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post #1 of 3 (permalink) Old 07-28-09, 04:15 PM Thread Starter
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Default The Writer's Circle – Week #8 [Pushing Genres]

The Writer's Circle – Week #8 [Pushing Genres]

Hi everyone and welcome to Week #8 of the Writer's Circle. This week I found an article from the 'Take Note' section of the March 2009 issue of “The Writer” magazine. The headline is “Authors push genre boundaries” and it covers how some authors move from the genres they are established in to write other types of novels. However, their successes are not always as great as the original genre they started with. Written by Chuck Leddy, this article may be something for those of you who are thinking of applying your skills to a different genre.

Authors push genre boundaries
by: Chuck Leddy

Quote:
In literature, as in life, if you do something well, there's pressure to keep doing it. Naturally, we want our neurosurgeons to focus like a laser on doing surgery well. Similar pressures, if not quite so life-and-death, confront singers and actors. We don't want opera singers performing rock music. And when an author strikes it rich in one genre, has successfully surmounted the challenges of attracting a readership and building a reputation, both his publisher and his readership will expect him to keep moving in the same direction.

But nobody like to be pigeonholed, especially people as creative as novelists. While the concept of literary genres attract readers with predictable plot elements, and publishers, with a built-in audience and reliable revenues, authors yearn to take creative risks. Against all the financial pressures to keep on mining the same genre, a number of authors have begun pushing the boundaries, marking out new courses that may lead to more creativity, if not more money.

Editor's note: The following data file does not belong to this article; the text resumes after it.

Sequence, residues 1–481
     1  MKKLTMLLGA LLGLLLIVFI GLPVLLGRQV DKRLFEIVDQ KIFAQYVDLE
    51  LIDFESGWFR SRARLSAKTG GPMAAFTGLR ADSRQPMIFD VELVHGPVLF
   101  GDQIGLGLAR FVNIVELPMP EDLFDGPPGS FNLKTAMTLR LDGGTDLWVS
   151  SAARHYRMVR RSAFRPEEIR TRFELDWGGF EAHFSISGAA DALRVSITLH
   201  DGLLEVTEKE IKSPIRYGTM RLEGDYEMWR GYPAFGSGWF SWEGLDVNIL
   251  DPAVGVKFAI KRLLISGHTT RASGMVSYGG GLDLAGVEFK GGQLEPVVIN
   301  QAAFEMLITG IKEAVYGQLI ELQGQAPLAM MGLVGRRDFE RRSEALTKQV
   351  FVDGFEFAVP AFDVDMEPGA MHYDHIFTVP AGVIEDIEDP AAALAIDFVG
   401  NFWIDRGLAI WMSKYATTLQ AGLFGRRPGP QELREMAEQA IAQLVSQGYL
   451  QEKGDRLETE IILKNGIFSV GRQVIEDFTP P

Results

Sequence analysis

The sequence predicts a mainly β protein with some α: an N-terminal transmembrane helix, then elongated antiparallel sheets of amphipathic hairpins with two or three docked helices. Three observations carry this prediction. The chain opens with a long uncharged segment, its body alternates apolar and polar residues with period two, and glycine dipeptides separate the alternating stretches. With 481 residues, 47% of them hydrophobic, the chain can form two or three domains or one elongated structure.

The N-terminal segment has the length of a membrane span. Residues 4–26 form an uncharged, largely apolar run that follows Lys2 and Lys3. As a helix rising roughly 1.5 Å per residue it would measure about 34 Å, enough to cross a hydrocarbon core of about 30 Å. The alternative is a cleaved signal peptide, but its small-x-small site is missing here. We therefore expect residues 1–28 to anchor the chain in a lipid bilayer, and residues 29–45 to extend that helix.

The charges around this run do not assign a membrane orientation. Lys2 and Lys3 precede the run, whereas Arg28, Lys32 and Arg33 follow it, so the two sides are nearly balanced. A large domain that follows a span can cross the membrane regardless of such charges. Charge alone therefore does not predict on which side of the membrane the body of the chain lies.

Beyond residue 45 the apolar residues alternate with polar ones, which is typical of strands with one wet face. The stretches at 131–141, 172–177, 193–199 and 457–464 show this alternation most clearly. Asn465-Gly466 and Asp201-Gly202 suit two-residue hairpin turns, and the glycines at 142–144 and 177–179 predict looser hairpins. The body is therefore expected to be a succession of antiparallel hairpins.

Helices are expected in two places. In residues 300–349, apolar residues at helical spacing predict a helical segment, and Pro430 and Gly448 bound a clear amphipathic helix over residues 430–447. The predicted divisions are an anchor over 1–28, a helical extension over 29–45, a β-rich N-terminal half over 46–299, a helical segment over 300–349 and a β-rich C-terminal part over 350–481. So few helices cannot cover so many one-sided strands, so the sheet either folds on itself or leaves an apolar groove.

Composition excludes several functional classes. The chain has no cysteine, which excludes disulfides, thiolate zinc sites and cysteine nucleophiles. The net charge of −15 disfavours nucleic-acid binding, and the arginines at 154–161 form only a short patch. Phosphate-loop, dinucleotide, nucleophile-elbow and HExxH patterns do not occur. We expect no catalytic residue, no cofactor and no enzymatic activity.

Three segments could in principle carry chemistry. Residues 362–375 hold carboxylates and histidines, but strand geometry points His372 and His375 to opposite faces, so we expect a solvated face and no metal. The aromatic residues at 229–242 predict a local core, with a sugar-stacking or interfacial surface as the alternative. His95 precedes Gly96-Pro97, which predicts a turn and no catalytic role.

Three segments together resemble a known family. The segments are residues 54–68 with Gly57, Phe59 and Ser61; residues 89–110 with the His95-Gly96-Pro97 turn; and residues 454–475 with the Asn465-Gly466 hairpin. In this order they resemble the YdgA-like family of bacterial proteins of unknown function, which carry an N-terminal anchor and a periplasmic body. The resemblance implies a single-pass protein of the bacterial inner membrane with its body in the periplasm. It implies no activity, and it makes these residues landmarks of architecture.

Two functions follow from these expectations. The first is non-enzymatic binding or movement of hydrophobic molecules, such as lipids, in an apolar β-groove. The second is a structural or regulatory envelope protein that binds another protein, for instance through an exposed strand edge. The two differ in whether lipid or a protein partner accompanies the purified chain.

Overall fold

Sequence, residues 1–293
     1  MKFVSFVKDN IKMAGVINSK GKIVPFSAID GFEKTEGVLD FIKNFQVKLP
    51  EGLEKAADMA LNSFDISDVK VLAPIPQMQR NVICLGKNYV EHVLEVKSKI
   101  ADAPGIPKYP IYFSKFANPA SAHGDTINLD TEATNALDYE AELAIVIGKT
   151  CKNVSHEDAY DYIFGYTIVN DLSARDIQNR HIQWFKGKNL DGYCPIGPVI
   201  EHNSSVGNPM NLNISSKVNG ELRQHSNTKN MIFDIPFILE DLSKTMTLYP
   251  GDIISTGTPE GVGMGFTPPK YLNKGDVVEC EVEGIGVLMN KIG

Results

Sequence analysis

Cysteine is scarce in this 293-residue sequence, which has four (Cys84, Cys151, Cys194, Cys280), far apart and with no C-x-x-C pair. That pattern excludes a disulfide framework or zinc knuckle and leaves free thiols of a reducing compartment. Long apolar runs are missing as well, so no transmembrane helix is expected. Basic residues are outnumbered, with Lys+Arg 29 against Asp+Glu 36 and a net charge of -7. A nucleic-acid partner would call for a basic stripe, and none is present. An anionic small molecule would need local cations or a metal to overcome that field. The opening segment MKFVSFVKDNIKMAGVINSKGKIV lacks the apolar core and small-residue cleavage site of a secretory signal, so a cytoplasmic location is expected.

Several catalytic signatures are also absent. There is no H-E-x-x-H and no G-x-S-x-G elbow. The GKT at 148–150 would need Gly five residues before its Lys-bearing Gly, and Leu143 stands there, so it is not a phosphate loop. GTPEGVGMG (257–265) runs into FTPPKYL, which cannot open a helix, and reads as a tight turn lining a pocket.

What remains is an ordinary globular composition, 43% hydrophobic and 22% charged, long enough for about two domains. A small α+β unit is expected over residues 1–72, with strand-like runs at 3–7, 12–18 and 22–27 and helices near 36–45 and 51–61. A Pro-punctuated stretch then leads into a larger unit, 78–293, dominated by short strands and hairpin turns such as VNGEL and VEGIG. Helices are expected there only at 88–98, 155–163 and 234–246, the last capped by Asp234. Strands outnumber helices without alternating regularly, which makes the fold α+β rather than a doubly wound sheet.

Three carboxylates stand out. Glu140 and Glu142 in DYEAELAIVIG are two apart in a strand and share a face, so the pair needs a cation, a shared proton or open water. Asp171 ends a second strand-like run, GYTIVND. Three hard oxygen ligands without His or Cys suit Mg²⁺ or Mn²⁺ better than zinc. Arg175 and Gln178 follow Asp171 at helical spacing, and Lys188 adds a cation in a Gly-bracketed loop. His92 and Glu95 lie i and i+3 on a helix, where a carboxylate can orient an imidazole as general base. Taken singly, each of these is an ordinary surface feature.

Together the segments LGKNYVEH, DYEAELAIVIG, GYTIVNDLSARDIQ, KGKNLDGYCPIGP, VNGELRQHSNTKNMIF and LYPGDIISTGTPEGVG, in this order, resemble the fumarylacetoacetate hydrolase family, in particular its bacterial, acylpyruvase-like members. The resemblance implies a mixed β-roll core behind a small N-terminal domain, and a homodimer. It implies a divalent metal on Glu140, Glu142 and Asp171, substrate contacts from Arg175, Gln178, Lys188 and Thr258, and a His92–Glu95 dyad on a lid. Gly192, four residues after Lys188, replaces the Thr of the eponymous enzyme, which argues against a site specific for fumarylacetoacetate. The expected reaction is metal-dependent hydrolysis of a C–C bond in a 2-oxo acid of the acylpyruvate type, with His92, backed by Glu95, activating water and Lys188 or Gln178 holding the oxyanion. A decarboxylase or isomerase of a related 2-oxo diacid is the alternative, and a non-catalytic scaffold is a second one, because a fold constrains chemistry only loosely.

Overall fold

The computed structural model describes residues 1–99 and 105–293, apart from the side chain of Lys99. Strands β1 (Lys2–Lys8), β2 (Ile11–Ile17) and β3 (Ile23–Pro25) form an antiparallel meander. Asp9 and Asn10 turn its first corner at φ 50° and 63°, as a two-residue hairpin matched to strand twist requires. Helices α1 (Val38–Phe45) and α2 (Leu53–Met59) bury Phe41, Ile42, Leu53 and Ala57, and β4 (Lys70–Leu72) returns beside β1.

British author Nick Hornby began his career writing comic novels, such as High Fidelity and About a boy, for an adult audience. These books focused on single, twenty-something male protagonists who try (often in bumbling fashion) to make romantic commitments and find meaning. Yet after buildin a successful career in this literary vein, Hornby moved from adult fiction to young-adult fiction. His 2007 YA novel Slam tells the story of a teenage boy in love with skateboarding, who suddenly finds himself forced to face the responsibilities of fatherhood. The novel sold well, was well-reviewed, and opened up fresh creative territory for the author.

As Hornby's example shows, the boundary between adult fiction and young-adult fiction has blurred over the last decade. Curtis Sittenfeld's mega-bestselling novel Prep (published by Random House as an adult novel) was rejected by 14 other publishers before it was published. “At least half of them said no because they thought I was YA,” Sittenfeld told The New York Times. Michael Cart, a columnist for Booklist, also sees a blurring of the adult and YA genres: “These days, what makes a book YA is not so much what makes it as who makes it – and the 'who' is the marketing department.” Established adult authors such as Joyce Carol Oates and Sherman Alexie have also moved into the YA genre with recent novels.

Of course, YA novels can also cross over and become big hits among adult readers. Think of the millions of adults who read the Harry Potter books and made J.K. Rowling the richest author in history. More recently, author Stephenie Meyer (Twilight) found a large adult readership for her YA books that feature teenage protagonists. And in May 2008, Meyer published her first adult novel, The Host. It debuted at No. 1 on the New York Times' bestseller list – not bad for an author's first efforts at genre-crossing.

Yet crossing genres, and trying to find new readers, can result in failure. Michael Cunningham built a large readership as an author of literary fiction, especially after success of his novel The Hours. Cunningham's first post-Hours novel (2005's Specimen Days) was an attempt to cross into the science-fiction and fantasy genres. While certainly a genre-bending effort, Specimen Days was met with a lukewarm response from some readers and critics, who unsurprisingly criticized Cunningham for moving in a new direction.